Avid yachtsman Peter de Savary arrived in Newport in 1980 for the AmericaÂ’s Cup, and the British entrepreneur has been smitten ever since. Over the years, de Savary has owned a handful of homes in the swanky resort city. He also developed Carnegie Abbey Golf Club and Sporting Estate in Portsmouth. Now, de Savary is back in town with two new properties.

Last November, De Savary bought Vanderbilt Hall, marketing the property as a mansion-hotel/club in the heart of Historic Hill. It offers 33 suites, a full-service spa, indoor and outdoor pools, a rooftop terrace, MontyÂ’s Bar and Dining Room (named for de SavaryÂ’s Chihuahua), a 60-foot yacht, and de SavaryÂ’s own collection of American Illustration Art.

Then, de Savary, whose other projects have included Skibo, Glenborrodale, and Bovey castles in the U.K., Port Louis Marina and Mount Cinnamon in Grenada, The Abaco Club in the Bahamas, and Cherokee Plantation in South Carolina, acquired a 50 percent managing interest in Vanderbilt Residences at Brown & Howard Wharf, with 16 luxury condos starting at $2.75 million. The 3,000-square-foot residences were introduced to the market in June, offering a 24-hour concierge, a waterfront café, and access to the exclusive Vanderbilt Club. The members club will launch this year, providing reciprocal benefits with other such clubs worldwide.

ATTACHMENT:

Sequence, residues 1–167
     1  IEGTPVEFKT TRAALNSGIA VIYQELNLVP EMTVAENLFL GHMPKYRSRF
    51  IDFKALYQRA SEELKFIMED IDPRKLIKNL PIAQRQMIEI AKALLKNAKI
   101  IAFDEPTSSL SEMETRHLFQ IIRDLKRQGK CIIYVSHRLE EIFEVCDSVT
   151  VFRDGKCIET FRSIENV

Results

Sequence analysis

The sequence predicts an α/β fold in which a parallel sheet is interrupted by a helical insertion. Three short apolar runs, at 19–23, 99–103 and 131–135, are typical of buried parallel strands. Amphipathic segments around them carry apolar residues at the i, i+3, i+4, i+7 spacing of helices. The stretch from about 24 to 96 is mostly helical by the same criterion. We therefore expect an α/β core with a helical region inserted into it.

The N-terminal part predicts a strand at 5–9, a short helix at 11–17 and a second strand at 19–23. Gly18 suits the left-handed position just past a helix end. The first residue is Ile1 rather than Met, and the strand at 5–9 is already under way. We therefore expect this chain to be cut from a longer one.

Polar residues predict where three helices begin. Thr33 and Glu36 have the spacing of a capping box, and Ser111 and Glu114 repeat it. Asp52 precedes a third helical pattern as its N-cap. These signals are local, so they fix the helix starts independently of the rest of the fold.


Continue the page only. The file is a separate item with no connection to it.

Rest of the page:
Of his return to Newport, de Savary says he’s “attracted to a place that does not have a provincial or parochial market, and Newport is a very attractive, agreeable cosmopolitan place.” Then there’s the buzz about reigning America’s Cup champ/software billionaire Larry Ellison bringing his BMW Oracle Racing team to Newport for the 2013 challenge, yielding “a very timely moment for people to invest [or vacation] in Newport,” de Savary says. “It’s a fantastic place and it seems to have stood the test of time. Newport, it seems to me, keeps getting slightly better.” For more information, contact Stacie Mills at Vanderbilt International Properties, Ltd. (401) 619-3333; vanderbiltresidences.com. —Scott Kauffman